The company says it will invest £2.9bn in the three states between now and 2026. It also will convert about 3,000 temporary workers to full-time status with pay raises and benefits.
It’s part of Ford’s plan to be able to make 2 million electric vehicles per year globally by 2026.
A factory in Avon Lake, Ohio, near Cleveland, will be expanded so it can build an unidentified new electric commercial vehicle, with 1,800 new jobs. Ninety more jobs will be added in Lima and Sharonville, Ohio.
A plant in Claycomo, Missouri, near Kansas City, that makes big electric and combustion-engine Transit vans will get a third shift of 1,100 workers to handle increased demand.
In Michigan, Ford plans to add 2,000 jobs at three assembly plants, and another 1,200 at other facilities. It comes after Michigan politicians worked hard to lure electric vehicle assembly plants for General Motors after losing some Ford investment to southern states.
A factory in the Detroit suburb of Wayne that now builds the Ranger small pickup will see investment and jobs to make a new Ranger. A plant in Flat Rock south of Detroit will build a new version of the Mustang muscle car that it now builds. And Ford's Rouge Electric Vehicle Center in Dearborn also will see investment and jobs so it can build more F-150 Lightning electric pickups to meet unexpectedly high demand. The company also will add 600 jobs at a new parts packaging facility to be built in Monroe, Michigan, and another 600 at several component plants in the state.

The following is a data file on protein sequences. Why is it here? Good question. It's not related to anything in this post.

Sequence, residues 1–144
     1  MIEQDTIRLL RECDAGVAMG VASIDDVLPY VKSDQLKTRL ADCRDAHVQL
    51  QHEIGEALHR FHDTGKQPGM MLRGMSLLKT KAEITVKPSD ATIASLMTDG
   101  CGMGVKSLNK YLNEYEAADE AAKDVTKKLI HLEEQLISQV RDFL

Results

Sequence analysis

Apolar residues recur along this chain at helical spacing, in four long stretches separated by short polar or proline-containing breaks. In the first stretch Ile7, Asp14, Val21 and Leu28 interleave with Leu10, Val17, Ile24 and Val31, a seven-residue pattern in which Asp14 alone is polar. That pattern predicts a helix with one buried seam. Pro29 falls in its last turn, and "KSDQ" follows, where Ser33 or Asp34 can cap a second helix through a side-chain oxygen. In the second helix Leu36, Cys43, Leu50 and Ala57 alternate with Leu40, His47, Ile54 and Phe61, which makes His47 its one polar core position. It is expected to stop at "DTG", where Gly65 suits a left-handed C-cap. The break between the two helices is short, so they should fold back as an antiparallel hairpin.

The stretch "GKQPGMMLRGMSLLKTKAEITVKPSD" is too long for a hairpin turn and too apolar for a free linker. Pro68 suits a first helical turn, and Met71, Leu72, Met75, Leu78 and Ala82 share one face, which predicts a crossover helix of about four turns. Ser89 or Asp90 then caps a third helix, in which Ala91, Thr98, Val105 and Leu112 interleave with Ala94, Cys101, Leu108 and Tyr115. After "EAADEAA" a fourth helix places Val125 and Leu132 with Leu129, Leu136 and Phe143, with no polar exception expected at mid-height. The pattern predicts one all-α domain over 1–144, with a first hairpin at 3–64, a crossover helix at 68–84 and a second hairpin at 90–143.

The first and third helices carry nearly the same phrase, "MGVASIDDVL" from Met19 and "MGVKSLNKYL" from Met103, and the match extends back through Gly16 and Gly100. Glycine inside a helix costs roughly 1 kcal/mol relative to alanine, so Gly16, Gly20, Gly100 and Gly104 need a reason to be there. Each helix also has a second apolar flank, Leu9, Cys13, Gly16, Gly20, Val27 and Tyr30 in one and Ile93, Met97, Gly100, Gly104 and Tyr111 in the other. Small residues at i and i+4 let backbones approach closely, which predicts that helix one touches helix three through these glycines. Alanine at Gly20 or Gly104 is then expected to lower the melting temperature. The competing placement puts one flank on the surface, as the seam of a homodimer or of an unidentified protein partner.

Kumar Galhotra, president of Ford Blue, the company's division that makes internal combustion vehicles, said the EV investments are needed in part because Ford underestimated demand for them.
As soon as Ford opened reservations for the electric F-150, it began planning to expand the Dearborn plant that makes them, he said. “The reservations were so much higher than the [production] capacity that we had put in,” Galhotra said. “This is the first time in my career that we were expanding the plant before the plant was built.”
Ford said it already has begun switching the temporary workers to full-time, and it's starting to hire the new workers for the plants.
Ford also pledged to spend £800m over five years to improve the work environment at its factories, such as healthier foods.